Monday, March 31, 2014

Take Me Out to the Chaos!

Research in nonlinear dynamics has demonstrated that cells in healthy hearts seem to behave in a random, complex and unpredictable fashion. Contrary to conventional wisdom, it is this variability, or chaos, that keeps healthy hearts beating normally. Loss of complexity and variability leads to simple and fragile rhythms that put a heart at high risk for sudden cardiac arrest.  

“It is this variability that gives a living, dynamic system, such as the heart, the robustness it requires to cope with change.”
-Ary L. Goldberger, MD – cardiologist, Harvard University

Winter, Baseball, Health, and Chaos
The lack of variability this winter (cold, cold, cold, and more cold) made me ponder the benefits of chaos. A little more variety and unpredictability in the weather would have been welcomed by most Minnesotans. The foot of snow on the ground outside my window the day before Opening Day of the Major League Baseball season helped me finally understand why people wanted an open-air baseball stadium in Minnesota – it assures variability, unpredictability, and chaos.  Same, same, same, is not as much fun. This made me wonder if our health care system is also influenced by the dynamics of chaos.  The more I thought about it, the more I became convinced that baseball and our health care system are prime examples of the power of chaos theory. Let me explain.

My childhood summers were filled with baseball – collecting baseball cards, keeping track of batting averages, listening to Milwaukee Braves games, and playing the game as often as I could. Even though I played baseball almost every day, no two days were alike. Baseball brought me new adventures, new insights, and new challenges almost every day. Baseball was the heart of my summer.

After finishing my morning chores, I would jump on my bike and head to one of the many local ball diamonds. With my baseball glove hooked to the handlebars, a ball in my pocket, a bat in my hand, and a blessing from my mom to “play hard and have a good time,” I would stop by the houses of my friends to recruit participants for the day’s game.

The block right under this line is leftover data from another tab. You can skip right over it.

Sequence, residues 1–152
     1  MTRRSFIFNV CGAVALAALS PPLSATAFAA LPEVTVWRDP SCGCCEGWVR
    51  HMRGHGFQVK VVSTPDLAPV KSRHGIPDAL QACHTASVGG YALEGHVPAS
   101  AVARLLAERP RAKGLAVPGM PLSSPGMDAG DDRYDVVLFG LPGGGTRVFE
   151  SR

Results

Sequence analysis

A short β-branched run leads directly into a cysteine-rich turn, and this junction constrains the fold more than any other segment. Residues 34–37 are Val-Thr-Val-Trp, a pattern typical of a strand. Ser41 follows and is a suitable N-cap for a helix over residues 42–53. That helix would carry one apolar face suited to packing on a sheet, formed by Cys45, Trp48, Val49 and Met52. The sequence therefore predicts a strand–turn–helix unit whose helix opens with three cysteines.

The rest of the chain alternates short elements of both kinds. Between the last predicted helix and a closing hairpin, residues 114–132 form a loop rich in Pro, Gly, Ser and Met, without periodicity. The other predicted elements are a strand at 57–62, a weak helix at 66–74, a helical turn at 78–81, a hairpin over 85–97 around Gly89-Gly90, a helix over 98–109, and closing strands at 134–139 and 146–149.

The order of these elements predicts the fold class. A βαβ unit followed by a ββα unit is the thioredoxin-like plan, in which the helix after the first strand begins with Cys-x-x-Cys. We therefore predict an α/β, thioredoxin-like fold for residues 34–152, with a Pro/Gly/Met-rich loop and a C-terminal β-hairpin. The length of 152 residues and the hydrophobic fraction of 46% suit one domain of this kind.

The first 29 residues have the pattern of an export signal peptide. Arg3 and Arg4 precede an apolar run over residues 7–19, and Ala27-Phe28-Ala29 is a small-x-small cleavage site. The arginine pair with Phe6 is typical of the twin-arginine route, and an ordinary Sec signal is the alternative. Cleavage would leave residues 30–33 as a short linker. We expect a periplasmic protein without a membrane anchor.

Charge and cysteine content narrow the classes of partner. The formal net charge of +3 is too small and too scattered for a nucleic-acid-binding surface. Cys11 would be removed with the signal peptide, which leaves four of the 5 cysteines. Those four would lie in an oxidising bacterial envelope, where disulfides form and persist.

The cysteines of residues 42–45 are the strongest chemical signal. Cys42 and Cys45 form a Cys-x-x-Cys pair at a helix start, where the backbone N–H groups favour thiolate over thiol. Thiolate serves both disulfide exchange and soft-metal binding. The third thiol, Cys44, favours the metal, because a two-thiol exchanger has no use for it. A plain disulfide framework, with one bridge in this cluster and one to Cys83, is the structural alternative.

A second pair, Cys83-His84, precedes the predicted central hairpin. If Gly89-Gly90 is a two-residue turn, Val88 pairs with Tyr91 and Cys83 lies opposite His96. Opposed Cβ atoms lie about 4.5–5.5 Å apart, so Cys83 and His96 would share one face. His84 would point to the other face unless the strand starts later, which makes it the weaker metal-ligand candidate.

Sometimes only two or three people would be available. At other times 15 or 20 would play.  Regardless of the number, we’d always have a game and we’d always follow an unwritten rule that no one would sit on the bench.  his meant we made up new rules to accommodate the number and skill level of players available. Except for the fact that we used bats, balls, and gloves, our games often bore little resemblance to the official version of baseball advanced by Abner Doubleday. Each day we found new, creative, and unconventional ways to play the game that all of us loved. Each day was wonderfully satisfying and we always looked forward to the next game.

As I got older and became more involved in “organized” baseball, the pick-up games became less frequent – not because of lack of time but because “real” baseball began to put limits on what we could do. In hopes of becoming “better” players we began to pay more attention to the rules that the Little League coaches taught us and work on the “weaknesses in our game” that they had noticed.  The game became a more serious undertaking. Soon the afternoon pick-up games stopped completely and our only baseball time was team practices or games. Since the number of people on the team roster was limited, many of the neighborhood players who hadn't made the team hung up their gloves and moved on to other things. In the process, my circle of friends became smaller and baseball lost much of its variability and spontaneity.